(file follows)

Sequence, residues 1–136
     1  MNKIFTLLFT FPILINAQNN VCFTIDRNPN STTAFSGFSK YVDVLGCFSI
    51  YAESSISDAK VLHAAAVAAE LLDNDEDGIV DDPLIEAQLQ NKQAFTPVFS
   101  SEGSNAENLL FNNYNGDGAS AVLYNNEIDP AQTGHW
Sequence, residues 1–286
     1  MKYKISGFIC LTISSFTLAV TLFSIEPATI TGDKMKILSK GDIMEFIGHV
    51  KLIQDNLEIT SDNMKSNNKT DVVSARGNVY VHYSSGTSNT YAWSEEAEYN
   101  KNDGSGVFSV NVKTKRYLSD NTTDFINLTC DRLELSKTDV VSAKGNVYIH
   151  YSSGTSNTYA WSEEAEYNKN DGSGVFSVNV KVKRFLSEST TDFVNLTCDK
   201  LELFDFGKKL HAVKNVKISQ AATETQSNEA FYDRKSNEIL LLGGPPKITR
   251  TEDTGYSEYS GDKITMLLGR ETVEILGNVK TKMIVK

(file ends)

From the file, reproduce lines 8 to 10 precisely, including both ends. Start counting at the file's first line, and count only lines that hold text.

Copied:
   101  KNDGSGVFSV NVKTKRYLSD NTTDFINLTC DRLELSKTDV VSAKGNVYIH
   151  YSSGTSNTYA WSEEAEYNKN DGSGVFSVNV KVKRFLSEST TDFVNLTCDK
   201  LELFDFGKKL HAVKNVKISQ AATETQSNEA FYDRKSNEIL LLGGPPKITR